The macular in focus this May

May is Macula Month in Australia and we’re using this opportunity to bring you up to speed on this crucial part of your eyesight.

The key point is that early detection of macular degeneration could help preserve your vision. If that sounds useful, it might be worth reading on…

What is the macula?

The macular controls your detailed central vision from its home at the back of your eye. It may not be the most obvious part of your eye but it’s worth our attention for both how it contributes to clear vision and what can go very wrong, very quickly.

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Image: Macular Disease Foundation Australia

How to keep your macular healthy

Being healthy in general helps your overall eye health. Keep your macular in shape by:

  • getting regular eye checks
  • maintaining a balanced diet rich in fish, dark green leafy veggies & fruit
  • avoiding high glycaemic index carbs
  • not smoking
  • protecting your eyes from the sun
  • exercising regularly and keeping off excess weight
  • taking any supplements suggested by your doctor

What is macular degeneration?

Macular degeneration is a serious eye disease that causes loss of eyesight. It is progressive and degenerative, causing permanent loss of central vision. If you don’t get treatment, you can lose the ability to read, drive and even recognise faces. And it’s not just a normal part of ageing.

Some of the warning signs of macular degeneration are:

  • visual distortion
  • fuzziness, blurred vision in spots
  • blind spots
  • complete loss of central vision as it progresses

Know your type

Diagnosing which type of macular degeneration you have is really important. There are two major types: rapid progressing ‘wet’ macular degeneration and the slower ‘dry’ form. Only wet macular degeneration is treatable – the earlier the better.

Are you at risk?

It’s not a normal part of ageing, but it’s often age-related. Younger people can still get it though.

Macular degeneration risk factors:

  • Being over 50 or over
  • Smoking
  • Eating too many high Glycaemic Index carbs
  • A family history of the disease

Eye checks

Optometrists recommend that you get a general check-up every two years for all age groups. There’s a period at the beginning where macular degeneration is detectable before symptoms appear, so it’s well worth the effort.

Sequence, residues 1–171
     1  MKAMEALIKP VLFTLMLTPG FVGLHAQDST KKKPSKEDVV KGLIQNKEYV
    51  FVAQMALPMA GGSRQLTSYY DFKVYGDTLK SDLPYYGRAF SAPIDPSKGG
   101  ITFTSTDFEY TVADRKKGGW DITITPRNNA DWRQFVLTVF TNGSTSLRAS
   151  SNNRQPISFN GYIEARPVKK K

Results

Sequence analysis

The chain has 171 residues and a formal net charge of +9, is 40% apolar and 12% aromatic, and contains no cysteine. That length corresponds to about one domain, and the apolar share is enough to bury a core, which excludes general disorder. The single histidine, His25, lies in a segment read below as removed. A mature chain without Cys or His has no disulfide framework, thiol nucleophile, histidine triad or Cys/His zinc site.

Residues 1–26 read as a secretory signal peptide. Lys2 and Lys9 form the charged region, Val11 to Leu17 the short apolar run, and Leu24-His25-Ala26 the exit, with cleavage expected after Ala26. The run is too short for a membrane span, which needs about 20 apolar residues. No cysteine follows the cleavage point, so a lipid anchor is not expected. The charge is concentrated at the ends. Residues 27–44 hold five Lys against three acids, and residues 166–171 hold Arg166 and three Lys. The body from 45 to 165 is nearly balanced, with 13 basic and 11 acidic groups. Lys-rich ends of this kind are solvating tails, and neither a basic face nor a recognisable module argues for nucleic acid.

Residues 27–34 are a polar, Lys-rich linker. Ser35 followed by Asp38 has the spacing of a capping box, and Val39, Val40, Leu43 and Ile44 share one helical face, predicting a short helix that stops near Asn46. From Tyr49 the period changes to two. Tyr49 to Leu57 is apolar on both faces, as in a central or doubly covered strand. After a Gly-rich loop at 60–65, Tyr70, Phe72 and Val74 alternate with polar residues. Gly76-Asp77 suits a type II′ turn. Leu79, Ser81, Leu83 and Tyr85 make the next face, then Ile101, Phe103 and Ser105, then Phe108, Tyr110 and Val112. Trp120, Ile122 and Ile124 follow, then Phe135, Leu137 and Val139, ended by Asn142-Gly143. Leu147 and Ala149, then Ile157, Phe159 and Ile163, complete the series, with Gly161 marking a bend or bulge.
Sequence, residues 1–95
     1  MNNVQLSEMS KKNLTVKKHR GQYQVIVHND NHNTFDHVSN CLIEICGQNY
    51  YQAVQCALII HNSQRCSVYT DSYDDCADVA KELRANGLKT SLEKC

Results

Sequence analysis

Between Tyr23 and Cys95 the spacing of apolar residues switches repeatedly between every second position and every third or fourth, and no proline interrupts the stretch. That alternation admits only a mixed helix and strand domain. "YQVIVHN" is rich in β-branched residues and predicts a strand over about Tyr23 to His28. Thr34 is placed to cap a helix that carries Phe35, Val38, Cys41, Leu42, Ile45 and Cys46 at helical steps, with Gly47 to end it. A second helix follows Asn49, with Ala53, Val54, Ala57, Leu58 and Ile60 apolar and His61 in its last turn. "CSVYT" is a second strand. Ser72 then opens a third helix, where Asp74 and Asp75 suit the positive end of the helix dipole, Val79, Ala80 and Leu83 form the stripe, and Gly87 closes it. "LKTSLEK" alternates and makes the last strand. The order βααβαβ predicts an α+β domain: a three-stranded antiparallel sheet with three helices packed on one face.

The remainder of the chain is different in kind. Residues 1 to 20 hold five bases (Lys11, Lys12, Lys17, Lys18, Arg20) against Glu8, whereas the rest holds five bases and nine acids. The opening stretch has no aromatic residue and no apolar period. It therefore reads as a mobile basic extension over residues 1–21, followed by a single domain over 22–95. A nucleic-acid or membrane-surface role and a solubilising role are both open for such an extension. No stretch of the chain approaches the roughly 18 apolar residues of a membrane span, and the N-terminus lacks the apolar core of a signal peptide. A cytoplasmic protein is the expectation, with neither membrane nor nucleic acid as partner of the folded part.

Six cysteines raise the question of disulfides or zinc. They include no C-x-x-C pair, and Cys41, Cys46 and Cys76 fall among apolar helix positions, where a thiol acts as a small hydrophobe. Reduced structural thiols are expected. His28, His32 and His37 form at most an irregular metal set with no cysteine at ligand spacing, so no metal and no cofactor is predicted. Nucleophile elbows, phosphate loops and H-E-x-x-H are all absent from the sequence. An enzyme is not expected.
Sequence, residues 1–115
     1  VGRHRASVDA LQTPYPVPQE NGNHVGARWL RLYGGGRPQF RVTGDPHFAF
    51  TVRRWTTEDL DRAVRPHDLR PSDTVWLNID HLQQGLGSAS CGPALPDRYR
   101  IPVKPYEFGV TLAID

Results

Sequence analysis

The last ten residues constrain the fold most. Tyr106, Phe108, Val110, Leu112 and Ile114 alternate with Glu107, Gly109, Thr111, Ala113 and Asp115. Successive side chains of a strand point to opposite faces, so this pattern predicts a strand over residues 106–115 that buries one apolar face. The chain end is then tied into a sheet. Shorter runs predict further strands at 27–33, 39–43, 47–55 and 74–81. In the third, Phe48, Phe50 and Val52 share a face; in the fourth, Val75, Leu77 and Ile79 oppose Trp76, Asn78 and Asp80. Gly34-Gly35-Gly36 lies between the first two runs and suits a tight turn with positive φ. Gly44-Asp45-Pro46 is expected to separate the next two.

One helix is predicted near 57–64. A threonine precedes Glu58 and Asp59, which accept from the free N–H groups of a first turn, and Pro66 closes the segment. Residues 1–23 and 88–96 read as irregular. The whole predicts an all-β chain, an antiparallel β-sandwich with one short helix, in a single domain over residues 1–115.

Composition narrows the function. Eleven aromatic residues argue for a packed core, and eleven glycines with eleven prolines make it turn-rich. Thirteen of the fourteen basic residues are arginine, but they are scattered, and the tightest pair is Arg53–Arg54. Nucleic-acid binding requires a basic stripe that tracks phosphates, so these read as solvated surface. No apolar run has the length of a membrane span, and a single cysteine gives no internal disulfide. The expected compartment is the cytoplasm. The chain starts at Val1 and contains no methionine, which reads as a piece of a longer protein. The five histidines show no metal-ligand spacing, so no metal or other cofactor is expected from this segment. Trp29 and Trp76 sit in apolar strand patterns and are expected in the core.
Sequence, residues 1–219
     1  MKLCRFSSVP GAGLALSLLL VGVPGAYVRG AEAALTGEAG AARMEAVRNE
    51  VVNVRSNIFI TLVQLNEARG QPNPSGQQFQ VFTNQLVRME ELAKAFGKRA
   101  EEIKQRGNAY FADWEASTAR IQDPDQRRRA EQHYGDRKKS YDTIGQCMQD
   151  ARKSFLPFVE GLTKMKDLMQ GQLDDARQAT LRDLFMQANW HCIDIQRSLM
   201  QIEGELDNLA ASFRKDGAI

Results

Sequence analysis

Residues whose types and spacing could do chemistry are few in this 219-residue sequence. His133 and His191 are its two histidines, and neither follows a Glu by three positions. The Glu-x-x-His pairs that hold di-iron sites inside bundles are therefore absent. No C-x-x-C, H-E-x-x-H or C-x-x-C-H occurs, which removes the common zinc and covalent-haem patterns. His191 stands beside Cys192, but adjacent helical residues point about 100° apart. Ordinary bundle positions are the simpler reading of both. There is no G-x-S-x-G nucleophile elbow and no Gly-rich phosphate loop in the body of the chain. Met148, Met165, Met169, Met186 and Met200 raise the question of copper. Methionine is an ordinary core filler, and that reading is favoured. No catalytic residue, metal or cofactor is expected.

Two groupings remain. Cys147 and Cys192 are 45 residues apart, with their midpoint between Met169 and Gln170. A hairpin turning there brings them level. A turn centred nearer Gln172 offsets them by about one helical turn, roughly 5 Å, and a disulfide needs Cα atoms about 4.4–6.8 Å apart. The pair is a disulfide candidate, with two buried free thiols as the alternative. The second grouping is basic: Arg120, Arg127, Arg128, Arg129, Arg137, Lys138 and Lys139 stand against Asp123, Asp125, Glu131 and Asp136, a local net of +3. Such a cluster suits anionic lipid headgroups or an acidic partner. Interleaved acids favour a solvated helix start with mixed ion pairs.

If your optometrist bulk bills, the screening will be free.

For macular degeneration treatment, your optometrist might refer you to an eye specialist called an ophthalmologist.

Wet macular degeneration treatment

If you’ve got wet macular degeneration, your ophthalmologist might recommend treatments such as medication, surgery and laser therapy. Right now, macular degeneration can’t be reversed, but it can be slowed.

Dry macular degeneration treatment

As we flagged earlier, there’s no treatment. Your best option is to get all your lifestyle factors in order such as keeping a healthy diet and not smoking. Chat with your doctor about what you can do and get some diet advice. Also, dry macular degeneration can deteriorate into the rapid wet type, so be sure to get yourself checked out.

Claiming screenings

  • Screenings for macular degeneration are free if your optometrist bulk bills.
  • You can claim part of the cost of subsequent retinal photography on your Extras cover under Health Screening from your Health Management Benefits.

Claiming treatment for wet macular degeneration

  • Your ophthalmologist may recommend laser surgery for your treatment. If so, check out our laser surgery guide for all the details on how to claim.

 


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